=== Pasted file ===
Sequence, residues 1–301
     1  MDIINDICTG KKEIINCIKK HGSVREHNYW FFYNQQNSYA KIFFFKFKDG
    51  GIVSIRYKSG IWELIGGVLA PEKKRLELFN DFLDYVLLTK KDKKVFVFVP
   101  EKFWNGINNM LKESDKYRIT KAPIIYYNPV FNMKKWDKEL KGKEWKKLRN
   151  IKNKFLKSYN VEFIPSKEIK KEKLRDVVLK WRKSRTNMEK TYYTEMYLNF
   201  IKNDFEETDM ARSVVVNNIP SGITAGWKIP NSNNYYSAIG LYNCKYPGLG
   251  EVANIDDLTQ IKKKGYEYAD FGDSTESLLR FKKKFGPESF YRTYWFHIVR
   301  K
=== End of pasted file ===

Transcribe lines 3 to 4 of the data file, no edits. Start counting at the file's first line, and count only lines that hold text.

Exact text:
    51  GIVSIRYKSG IWELIGGVLA PEKKRLELFN DFLDYVLLTK KDKKVFVFVP
   101  EKFWNGINNM LKESDKYRIT KAPIIYYNPV FNMKKWDKEL KGKEWKKLRN